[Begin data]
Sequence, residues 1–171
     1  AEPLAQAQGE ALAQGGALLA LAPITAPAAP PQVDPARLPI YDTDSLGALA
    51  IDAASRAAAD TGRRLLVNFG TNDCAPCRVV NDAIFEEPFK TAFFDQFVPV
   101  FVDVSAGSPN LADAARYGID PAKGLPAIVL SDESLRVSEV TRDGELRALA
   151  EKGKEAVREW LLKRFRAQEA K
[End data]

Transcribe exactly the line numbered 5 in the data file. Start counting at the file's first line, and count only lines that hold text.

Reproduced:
   151  EKGKEAVREW LLKRFRAQEA K